While it has been found necessary to provide a fluid reaction medium it is preferred that the solvent be employed in amounts as low as possible. Generally, the greater the monomer concentration in the solvent, the higher the reduced viscosity obtainable, and thus the molecular weight, of the resulting polymer. However, if insufficient solvent is employed, the reaction mixture is difficult, if not impossible, to stir, and to maintain a uniform reaction temperature. Occasional gellation of the polymer in the reaction mixture is sometimes noticed in which case a lower monomer concentration may be desirable. Incomplete reaction or side reactions may tend to occur if monomer concentration is too low, which results in a lower yield and lower molecular weight of the polymer. In this manner, solvent content of the reaction mixture has a direct influence on the molecular weight of the polymer produce, and ideal solvent concentration will depend in each case on the products desired and the reactants employed. In most applications, it is desired that the monomer content in the solvent be kept as high as possible, preferably in the range of about 15 to 35 parts by weight of monomers to 100 parts by weight of solvent.

Recovery of the polymer produced in this reaction is readily accomplished by precipitation in excess methanol, followed by washing, filtering, and drying. Nearly quantitative yields of polymer are secured, i.e. about 95100 percent. Precipitation methods for recovering the product are preferred although other methods for recovery can be used, for instance, stripping off the solvent under reduced pressures is possible.

The products of this invention are hard, tough, thermoand can range from 300 C. to 500 C. The products of this invention are soluble in most halogenated aromatic solvents, such as chlorobenzene, bromobenzene, chlorotoluene, bromotoluene, chloronaphthalene, and bromonaphthalene and in dimethylformamide. The lower softening polymers can be compression molded at temperatures of about 250 C. or cast into sheets or films from solution. The higher softening polymers can be cast from solution. The polymers are non-crystalline and non-orientable, generally having second order transitional temperatures about their softening temperatures.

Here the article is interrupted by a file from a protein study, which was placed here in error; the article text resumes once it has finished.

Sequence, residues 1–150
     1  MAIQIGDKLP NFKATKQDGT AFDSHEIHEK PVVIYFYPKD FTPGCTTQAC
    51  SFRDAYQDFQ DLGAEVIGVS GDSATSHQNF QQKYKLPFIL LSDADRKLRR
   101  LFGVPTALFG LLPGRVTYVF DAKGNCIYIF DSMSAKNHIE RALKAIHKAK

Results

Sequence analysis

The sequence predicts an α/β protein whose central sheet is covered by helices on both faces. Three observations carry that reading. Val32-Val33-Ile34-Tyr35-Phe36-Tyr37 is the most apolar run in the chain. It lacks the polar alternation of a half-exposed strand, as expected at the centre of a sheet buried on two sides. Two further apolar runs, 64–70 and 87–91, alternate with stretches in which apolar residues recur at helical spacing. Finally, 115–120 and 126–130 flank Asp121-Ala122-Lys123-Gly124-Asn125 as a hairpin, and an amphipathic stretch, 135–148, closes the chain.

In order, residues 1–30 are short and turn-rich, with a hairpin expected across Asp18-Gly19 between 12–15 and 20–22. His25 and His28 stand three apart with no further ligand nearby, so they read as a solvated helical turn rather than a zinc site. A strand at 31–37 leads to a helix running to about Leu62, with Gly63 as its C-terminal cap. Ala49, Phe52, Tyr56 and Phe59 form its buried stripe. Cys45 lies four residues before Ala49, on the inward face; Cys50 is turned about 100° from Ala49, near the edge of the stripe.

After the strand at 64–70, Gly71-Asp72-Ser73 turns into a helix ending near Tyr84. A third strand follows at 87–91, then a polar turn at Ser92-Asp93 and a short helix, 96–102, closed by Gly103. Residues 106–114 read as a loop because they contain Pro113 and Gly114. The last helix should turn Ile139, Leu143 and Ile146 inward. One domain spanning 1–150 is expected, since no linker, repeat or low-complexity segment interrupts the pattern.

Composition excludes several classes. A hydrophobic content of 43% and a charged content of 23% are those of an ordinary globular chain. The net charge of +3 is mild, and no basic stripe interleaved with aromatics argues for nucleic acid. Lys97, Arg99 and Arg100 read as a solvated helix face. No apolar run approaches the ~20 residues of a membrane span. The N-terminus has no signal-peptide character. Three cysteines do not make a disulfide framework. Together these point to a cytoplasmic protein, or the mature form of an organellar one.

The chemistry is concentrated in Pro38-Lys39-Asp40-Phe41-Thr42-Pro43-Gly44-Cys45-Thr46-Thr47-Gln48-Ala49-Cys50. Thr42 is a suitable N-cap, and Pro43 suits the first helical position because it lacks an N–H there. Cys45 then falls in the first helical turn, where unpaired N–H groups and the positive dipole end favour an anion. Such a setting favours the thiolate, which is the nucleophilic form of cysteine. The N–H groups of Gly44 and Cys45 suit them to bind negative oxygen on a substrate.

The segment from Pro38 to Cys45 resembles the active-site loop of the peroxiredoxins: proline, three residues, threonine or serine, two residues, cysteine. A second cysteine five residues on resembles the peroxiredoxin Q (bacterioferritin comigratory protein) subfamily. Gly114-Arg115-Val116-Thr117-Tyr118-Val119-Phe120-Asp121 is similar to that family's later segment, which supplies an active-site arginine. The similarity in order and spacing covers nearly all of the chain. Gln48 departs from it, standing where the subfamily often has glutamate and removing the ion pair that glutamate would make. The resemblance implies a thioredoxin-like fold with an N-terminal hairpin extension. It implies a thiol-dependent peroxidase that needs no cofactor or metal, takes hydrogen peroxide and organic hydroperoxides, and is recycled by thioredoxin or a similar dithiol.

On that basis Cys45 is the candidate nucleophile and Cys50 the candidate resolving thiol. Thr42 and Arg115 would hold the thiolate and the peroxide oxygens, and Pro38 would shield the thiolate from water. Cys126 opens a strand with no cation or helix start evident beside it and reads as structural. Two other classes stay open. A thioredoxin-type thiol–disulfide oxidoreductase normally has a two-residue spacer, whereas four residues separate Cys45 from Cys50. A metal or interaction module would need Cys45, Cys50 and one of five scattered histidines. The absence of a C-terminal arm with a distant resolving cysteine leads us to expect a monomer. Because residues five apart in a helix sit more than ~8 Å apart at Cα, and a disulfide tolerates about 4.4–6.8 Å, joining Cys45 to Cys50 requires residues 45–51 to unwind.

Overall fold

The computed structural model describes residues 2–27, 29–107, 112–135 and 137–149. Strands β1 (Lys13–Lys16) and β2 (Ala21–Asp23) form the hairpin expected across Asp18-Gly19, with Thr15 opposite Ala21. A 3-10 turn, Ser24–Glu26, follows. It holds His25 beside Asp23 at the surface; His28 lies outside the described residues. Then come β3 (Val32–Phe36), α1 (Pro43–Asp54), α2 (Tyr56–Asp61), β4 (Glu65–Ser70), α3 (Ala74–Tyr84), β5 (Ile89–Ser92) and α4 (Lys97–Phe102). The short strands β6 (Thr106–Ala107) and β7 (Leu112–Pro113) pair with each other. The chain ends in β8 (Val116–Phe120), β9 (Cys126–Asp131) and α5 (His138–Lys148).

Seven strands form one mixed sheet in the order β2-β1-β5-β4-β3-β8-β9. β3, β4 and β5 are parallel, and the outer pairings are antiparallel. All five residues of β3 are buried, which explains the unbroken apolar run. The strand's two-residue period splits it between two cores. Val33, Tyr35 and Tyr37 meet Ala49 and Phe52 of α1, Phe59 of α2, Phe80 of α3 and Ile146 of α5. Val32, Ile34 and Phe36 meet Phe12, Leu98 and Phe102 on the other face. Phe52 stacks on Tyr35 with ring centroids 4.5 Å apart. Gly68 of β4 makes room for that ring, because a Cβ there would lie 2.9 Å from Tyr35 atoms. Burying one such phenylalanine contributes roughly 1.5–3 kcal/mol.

Other properties of these polymeric products are particularly interesting and suggest many specific applications. Along with the high softening points, the polymers have high strengths and good electrical properties. While the polymers are not too suitable to molding at low temperatures, films can be prepared from the polymer by dissolving the polymer in a solvent and casting the solution onto a glass plate or other suitable hard flat surface. Films of these polymers have exceptionally high tensile strengths for non-crystalline polymers, and have excellent electrical properties and resistance to dilute alkali and acid solutions. Degradation even at temperatures of 200 C. or higher is very slow which makes these polymers ideal for high temperature electrical work such as in class B motors, insulating tapes and electronic tubes and also as varnishes for insulating or high temperature applications.

The following examples are illustrative.

Example 1 A mixture of 0.980 gram (0.05 mole) of 4,6-dimethyl- S-carbethoxy-alpha pyrone and 1.38 grams (0.05 mole) of hexamethylene-bis-maleimide was heated in a flask with 25 m1. of bromobenzene to refluxing 0), and maintained under refluxing conditions for 72 hours. After this period, the mixture was added to excess methanol. The polymeric material produced in the reaction precipitated, was filtered from the methanol solution and dried in an oven. The dried weight of product was 1.7 grams, which indicated a yield of 81 percent of theoretical.